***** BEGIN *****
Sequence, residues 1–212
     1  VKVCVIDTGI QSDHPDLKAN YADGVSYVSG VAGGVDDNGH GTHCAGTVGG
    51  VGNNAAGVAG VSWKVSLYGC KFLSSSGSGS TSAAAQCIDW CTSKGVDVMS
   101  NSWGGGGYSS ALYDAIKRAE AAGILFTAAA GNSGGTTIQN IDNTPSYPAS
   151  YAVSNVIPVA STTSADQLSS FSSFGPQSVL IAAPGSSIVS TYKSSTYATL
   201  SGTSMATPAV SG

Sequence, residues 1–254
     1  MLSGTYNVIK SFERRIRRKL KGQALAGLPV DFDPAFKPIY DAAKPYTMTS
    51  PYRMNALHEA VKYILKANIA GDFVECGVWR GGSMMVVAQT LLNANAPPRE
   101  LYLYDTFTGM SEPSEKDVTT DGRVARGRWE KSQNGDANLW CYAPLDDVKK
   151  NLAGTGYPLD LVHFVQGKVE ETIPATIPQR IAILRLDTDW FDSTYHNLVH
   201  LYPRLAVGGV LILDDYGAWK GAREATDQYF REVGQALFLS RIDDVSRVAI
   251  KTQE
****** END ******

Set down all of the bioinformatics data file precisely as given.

Sequence, residues 1–212
     1  VKVCVIDTGI QSDHPDLKAN YADGVSYVSG VAGGVDDNGH GTHCAGTVGG
    51  VGNNAAGVAG VSWKVSLYGC KFLSSSGSGS TSAAAQCIDW CTSKGVDVMS
   101  NSWGGGGYSS ALYDAIKRAE AAGILFTAAA GNSGGTTIQN IDNTPSYPAS
   151  YAVSNVIPVA STTSADQLSS FSSFGPQSVL IAAPGSSIVS TYKSSTYATL
   201  SGTSMATPAV SG

Sequence, residues 1–254
     1  MLSGTYNVIK SFERRIRRKL KGQALAGLPV DFDPAFKPIY DAAKPYTMTS
    51  PYRMNALHEA VKYILKANIA GDFVECGVWR GGSMMVVAQT LLNANAPPRE
   101  LYLYDTFTGM SEPSEKDVTT DGRVARGRWE KSQNGDANLW CYAPLDDVKK
   151  NLAGTGYPLD LVHFVQGKVE ETIPATIPQR IAILRLDTDW FDSTYHNLVH
   201  LYPRLAVGGV LILDDYGAWK GAREATDQYF REVGQALFLS RIDDVSRVAI
   251  KTQE